How do you care for a casualty in very cold environments?
A few days back, our group presented a webinar to doctors, medics, and paramedics from NATO countries. As a summary of the 3-hour seminar, we presented the “Viking Laws.” They were supposed to be “short and snappy”, providing an enjoyable way to remember key points.
I understand that certain points on the poster may require additional clarification and possibly attendance at a seminar or lecture. Having said that, I still believe they can be of benefit.
Although these laws were written in a military context, they can easily be applicable in a civilian environment. Here are the laws, accompanied by a brief explanation:
1. The principles of TCCC still apply.
2. Dress for success. Winter warfare requires winter clothing.
3. Insulation is always great. Every casualty needs extra insulation.
4. H-MARCH. Starting hypothermia prevention early is lifesaving.
5. Seek Shelter. Do your intervention in a protected area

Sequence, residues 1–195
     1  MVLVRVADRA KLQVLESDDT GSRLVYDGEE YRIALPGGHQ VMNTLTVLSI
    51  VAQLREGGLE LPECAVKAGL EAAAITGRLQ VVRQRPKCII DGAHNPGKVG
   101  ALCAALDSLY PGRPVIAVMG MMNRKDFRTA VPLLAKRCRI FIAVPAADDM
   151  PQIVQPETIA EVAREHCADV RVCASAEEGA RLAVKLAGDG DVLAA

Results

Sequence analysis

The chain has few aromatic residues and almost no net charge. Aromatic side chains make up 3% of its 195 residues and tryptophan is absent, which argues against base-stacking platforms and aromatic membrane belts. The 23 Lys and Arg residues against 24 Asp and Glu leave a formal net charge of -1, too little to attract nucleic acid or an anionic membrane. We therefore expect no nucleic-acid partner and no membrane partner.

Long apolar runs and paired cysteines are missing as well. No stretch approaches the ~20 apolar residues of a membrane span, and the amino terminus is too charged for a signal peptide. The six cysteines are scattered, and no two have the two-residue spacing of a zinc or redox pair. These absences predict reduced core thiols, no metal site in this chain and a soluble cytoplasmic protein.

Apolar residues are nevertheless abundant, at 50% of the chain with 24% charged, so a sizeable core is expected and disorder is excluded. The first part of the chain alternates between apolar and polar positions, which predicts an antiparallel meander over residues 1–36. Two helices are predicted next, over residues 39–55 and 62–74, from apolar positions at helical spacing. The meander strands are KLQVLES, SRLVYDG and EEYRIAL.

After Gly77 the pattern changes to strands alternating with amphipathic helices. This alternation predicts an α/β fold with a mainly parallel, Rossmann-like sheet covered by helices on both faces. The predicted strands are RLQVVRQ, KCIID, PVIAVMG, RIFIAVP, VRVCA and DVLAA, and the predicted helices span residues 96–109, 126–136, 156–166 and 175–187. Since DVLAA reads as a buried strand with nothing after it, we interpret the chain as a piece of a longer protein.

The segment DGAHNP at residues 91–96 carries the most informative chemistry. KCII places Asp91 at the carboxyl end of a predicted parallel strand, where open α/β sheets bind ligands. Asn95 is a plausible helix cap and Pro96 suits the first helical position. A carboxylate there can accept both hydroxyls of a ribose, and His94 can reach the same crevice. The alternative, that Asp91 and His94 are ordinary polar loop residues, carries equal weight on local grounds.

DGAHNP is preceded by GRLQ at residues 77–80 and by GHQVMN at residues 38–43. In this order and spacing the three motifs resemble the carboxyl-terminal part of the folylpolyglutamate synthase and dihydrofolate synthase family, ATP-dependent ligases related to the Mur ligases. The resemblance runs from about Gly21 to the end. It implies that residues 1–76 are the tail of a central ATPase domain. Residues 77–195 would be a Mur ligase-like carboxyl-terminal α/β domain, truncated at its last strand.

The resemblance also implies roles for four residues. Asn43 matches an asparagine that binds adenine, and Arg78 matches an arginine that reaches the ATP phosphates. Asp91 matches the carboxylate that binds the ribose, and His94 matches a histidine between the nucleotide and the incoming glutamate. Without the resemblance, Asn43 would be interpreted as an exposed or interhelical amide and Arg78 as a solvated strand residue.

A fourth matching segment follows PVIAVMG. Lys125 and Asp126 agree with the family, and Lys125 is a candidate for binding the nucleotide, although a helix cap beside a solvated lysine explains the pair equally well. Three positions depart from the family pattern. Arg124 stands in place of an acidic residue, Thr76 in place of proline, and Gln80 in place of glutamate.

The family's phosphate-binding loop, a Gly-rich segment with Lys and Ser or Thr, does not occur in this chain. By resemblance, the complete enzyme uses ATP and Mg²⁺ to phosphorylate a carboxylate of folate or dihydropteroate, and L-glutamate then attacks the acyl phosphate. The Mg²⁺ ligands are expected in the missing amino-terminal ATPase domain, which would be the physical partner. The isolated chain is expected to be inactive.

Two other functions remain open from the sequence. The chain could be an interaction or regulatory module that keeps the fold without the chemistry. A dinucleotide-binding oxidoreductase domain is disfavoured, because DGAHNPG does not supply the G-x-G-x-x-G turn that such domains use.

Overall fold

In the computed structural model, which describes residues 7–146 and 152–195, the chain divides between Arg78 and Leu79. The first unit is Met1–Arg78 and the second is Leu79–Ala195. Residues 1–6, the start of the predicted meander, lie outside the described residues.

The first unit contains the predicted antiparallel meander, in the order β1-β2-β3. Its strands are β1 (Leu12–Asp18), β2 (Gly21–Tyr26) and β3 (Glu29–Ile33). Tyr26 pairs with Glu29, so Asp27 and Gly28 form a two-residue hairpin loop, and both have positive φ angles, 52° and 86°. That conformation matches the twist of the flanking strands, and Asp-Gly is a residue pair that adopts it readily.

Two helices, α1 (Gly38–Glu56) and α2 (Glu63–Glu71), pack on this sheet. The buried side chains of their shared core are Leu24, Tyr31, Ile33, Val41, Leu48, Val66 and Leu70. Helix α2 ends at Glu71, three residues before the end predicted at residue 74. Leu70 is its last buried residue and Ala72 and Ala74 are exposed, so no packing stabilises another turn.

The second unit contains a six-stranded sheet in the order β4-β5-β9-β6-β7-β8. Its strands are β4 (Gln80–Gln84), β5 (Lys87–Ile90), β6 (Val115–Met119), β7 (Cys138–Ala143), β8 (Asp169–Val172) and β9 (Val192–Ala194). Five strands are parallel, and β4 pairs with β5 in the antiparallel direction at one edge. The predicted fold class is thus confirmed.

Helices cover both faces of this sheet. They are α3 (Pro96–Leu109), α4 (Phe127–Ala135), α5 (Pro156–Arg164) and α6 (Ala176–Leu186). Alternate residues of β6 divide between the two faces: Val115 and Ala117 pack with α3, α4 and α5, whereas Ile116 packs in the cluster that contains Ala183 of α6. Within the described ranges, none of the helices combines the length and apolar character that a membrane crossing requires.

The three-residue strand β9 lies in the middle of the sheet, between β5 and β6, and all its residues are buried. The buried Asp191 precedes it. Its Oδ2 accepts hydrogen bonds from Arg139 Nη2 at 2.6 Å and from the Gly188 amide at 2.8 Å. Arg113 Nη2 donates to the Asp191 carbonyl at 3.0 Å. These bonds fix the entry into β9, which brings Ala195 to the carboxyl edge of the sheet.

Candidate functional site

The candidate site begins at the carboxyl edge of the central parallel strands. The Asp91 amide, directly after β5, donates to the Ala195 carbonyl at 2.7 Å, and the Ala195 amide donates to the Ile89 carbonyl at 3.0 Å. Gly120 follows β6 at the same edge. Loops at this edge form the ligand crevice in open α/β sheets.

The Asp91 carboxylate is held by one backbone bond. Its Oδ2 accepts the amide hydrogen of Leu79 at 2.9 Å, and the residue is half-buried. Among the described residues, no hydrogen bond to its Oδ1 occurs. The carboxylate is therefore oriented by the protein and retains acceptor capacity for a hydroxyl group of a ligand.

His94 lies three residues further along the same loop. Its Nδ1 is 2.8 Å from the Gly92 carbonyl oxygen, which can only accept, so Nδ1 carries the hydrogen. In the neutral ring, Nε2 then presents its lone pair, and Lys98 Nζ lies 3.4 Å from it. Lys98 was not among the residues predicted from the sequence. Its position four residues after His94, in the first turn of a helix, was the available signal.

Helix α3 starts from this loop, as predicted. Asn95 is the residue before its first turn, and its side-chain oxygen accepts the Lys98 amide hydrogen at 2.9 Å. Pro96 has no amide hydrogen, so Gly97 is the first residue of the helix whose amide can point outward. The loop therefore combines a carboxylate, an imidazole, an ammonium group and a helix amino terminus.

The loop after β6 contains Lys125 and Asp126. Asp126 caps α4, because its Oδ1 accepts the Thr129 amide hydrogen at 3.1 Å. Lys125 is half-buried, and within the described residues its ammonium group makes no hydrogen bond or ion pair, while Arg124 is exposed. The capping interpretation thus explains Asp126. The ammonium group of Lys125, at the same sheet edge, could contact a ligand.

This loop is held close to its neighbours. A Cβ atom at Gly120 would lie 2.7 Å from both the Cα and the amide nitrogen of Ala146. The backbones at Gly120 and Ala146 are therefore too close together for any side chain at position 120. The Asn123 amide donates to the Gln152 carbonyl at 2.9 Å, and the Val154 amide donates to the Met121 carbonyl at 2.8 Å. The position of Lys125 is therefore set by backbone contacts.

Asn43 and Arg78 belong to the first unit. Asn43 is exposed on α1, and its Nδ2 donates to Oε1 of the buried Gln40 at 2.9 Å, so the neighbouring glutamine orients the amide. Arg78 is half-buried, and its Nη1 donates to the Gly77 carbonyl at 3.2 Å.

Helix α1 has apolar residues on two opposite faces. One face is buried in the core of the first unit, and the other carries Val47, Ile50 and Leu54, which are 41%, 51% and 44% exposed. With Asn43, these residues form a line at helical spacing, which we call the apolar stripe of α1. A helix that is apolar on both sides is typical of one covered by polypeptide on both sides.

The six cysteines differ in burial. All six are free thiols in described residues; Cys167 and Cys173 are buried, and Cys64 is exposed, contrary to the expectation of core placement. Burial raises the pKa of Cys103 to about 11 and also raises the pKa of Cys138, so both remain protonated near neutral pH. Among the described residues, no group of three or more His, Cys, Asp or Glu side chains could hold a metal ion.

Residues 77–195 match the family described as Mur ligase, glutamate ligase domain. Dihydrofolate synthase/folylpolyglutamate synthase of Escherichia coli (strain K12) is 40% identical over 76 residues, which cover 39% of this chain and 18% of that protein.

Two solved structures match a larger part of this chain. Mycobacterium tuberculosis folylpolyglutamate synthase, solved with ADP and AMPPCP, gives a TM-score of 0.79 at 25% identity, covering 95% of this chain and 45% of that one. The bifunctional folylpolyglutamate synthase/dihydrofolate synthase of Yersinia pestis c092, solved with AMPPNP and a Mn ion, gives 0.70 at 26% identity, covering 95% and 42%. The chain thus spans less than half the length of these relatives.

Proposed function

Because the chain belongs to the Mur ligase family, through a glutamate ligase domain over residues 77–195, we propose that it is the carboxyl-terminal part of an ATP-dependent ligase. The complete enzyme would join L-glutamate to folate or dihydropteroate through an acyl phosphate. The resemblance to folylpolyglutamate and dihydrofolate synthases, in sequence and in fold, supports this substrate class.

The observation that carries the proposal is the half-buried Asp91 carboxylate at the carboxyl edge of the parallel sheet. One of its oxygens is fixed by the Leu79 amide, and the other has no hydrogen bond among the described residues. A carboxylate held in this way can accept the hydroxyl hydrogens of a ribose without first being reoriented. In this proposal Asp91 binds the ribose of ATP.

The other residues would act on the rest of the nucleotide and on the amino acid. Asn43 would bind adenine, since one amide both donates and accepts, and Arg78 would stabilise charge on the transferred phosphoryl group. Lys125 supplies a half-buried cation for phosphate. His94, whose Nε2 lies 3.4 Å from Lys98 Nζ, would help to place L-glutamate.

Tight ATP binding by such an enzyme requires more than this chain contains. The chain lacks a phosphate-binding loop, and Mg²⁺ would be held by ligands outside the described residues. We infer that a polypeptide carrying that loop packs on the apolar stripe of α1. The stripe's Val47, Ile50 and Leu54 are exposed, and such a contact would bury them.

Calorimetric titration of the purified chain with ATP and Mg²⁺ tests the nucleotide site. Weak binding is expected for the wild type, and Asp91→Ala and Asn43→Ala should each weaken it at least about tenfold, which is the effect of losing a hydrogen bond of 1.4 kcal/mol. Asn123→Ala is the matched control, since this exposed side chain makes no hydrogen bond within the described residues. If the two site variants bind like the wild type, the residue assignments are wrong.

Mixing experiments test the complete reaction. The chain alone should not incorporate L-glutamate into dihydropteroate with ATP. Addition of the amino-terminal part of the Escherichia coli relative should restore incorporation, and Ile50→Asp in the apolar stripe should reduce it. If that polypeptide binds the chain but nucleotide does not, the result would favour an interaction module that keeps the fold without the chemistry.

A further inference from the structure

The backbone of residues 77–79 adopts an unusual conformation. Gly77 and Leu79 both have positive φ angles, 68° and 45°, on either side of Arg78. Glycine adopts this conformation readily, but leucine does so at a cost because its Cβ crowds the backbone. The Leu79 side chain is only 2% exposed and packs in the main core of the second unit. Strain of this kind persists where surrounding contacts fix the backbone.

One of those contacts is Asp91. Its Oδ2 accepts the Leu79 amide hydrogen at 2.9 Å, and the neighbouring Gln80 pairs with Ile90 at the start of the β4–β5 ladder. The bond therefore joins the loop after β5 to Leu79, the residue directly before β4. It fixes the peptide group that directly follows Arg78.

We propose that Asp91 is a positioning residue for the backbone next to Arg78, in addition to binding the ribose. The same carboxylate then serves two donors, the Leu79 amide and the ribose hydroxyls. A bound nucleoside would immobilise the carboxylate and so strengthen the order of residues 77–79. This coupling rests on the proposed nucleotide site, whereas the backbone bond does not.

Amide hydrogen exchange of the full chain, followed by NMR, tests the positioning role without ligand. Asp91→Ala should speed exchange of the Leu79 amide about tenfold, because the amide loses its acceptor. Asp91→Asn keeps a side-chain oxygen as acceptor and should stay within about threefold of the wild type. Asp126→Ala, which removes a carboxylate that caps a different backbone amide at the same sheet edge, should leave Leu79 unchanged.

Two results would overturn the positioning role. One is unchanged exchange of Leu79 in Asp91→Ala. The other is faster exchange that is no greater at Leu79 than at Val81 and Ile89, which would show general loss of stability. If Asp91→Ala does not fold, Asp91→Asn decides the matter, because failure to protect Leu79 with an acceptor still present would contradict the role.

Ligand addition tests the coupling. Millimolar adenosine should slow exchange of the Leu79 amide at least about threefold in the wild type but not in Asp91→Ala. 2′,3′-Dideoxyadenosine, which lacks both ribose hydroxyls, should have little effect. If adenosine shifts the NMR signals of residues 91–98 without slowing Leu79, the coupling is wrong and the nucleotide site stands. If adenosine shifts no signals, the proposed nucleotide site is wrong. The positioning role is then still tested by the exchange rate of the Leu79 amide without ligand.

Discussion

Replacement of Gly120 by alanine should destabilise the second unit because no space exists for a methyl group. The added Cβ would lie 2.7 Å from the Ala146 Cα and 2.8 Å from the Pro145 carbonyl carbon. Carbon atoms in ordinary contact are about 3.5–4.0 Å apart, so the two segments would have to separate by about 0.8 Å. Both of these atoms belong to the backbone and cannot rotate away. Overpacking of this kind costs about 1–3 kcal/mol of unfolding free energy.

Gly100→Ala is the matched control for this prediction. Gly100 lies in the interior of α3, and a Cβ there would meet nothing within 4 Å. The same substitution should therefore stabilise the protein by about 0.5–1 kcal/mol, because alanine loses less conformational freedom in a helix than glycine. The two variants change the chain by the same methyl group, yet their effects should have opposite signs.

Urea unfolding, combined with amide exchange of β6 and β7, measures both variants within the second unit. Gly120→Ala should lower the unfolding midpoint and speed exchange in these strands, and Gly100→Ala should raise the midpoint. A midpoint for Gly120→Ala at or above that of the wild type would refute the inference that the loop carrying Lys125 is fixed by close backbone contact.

6. Never undress a patient, without a plan.
7. Replace wet clothing. If not possible, use a vapor barrier.
8. Use the Winter Window for monitoring your patient (face, upper chest, where clothing overlaps or zippers can be opened).
9. No longstanding TQ without a plan for external heat. Prepare for early conversion
10. Pain management is essential. Good pain management make patients’ vital signs more sensitive to change in status
We plan to present several detailed scientific papers on casualty care in cold environments. (Now I have said it..)
As always, I welcome your comments and suggestions! Please feel free to share your thoughts with us. The Viking Laws for Arctic Casualty Survival will adapt if needed, to make them better and more useful.